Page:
I mentioned earlier that there was a better way to get paths into PowerShell.  If you have a folder open in Windows Explorer, you can actually drag files and folders directly into a command prompt or PowerShell and it will put the path there.  This is great for executing files with long names or for switching quickly to folders with long paths such as the 14 hive.

Path Variable

The Path variable has been around for ages and can still prove to be quite handy.  Probably the place I use it the most is to allow me to execute stsadm from anywhere.  This was more useful with SharePoint 2007 and is not as relevant any more, but it’s still worth mentioning.  What you want to do is add common paths of folders that contain executables that you run often.  You can set the path directly from the command prompt, but it you want to make it permanent, the easiest way is to go to your Computer Properties –> Advanced –> Environment Variables.  Scroll through the list on the bottom, click on Path and then Edit.  In the Variable Value textbox, go to the end add a semicolon (;) delimiter and then add your path such as c:\program files\common files\microsoft shared\web server extensions\12\bin.  Here is what it looks like.


When you save the changes, open a new command prompt, and you will be able to execute files from that new path from anywhere.  For example, I can run stsadm from anywhere now as shown in the screenshot below.



Sometime, you execute a command and get a lot of results back.  Whether it’s a directory listing or a list of processes, you might want a way to make the results more readable.  The quickest way to get yourself some breathing room is by hitting the Pause key.  You have to be fast though. :)  Another way is to use a pipe (|) with the more command.  This has been around a while and works with commands prompts or PowerShell.  Here is an example.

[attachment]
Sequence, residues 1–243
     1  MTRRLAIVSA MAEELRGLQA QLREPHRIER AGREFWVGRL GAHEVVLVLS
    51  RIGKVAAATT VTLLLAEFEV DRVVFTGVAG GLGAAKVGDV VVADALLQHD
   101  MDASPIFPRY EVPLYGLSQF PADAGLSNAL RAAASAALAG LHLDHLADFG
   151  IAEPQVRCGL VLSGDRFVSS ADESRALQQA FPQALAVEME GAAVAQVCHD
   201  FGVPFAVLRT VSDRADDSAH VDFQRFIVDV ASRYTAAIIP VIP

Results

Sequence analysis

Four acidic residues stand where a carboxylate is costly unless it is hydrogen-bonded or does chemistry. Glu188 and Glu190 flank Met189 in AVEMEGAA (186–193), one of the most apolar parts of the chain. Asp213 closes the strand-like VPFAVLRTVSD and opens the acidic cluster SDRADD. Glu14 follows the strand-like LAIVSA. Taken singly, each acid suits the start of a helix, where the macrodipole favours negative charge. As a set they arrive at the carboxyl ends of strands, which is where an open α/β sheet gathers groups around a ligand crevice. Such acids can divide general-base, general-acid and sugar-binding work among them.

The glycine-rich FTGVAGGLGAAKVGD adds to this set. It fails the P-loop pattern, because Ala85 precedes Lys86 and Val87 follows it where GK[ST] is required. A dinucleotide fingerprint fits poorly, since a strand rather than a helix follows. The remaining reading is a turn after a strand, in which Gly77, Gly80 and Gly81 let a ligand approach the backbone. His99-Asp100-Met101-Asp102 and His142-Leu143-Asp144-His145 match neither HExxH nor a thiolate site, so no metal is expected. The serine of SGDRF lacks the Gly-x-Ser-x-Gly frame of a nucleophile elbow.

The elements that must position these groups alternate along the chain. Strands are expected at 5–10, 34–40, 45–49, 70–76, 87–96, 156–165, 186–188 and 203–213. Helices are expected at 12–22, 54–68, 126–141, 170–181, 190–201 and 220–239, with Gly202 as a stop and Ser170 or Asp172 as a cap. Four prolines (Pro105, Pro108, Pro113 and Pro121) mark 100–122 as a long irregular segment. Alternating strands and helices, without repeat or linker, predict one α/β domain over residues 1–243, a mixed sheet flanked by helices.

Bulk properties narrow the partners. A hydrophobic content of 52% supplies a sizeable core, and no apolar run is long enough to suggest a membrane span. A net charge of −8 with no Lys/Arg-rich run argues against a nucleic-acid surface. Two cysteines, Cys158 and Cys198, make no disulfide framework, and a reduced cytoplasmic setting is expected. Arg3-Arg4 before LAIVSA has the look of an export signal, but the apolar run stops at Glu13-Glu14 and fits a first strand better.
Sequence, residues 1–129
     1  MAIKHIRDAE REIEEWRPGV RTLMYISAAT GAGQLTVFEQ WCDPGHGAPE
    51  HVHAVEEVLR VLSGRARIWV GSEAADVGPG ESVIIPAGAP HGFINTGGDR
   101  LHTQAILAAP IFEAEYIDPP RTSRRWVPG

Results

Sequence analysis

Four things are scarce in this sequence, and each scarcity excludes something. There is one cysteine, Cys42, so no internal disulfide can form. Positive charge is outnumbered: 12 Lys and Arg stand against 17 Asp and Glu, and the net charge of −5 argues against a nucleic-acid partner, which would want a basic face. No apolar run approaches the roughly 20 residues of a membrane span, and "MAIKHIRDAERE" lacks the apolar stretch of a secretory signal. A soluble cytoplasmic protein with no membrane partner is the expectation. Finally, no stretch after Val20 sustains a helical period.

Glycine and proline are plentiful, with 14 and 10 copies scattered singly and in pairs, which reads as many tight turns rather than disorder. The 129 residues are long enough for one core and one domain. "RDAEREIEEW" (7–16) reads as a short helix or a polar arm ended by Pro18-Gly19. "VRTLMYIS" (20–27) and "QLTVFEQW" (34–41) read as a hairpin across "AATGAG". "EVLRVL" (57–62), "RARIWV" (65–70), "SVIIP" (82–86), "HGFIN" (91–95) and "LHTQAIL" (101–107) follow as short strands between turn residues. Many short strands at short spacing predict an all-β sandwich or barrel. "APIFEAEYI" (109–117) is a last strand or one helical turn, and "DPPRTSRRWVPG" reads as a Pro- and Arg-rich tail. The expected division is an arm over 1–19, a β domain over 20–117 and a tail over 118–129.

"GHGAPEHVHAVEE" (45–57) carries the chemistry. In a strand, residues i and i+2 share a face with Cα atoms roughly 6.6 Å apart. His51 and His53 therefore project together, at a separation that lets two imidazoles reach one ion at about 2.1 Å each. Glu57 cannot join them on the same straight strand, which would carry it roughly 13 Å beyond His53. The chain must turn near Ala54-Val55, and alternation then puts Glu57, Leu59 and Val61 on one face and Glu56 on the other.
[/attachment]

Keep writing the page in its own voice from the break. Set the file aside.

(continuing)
Get-Process | more

The results look like the screenshot below.


This gives you the results conveniently one page at a time and you can press the Spacebar to view the next page or the return key to view one additional line at a time.  If you decide you don’t need to page through the rest of the results just press Ctrl+C.  You can use this keystroke to break you out of most commands.

Output Redirection

The last thing I will cover is output direction.  This has been around at least since the UNIX days and we will see it in modern command prompts.  It gives you the ability to redirect all output to a file using the greater than (>) symbol.  To redirect the results of the above command into a file we would issue the following.

Get-Process > processes.txt

When you execute it, you will not see any results on the screen.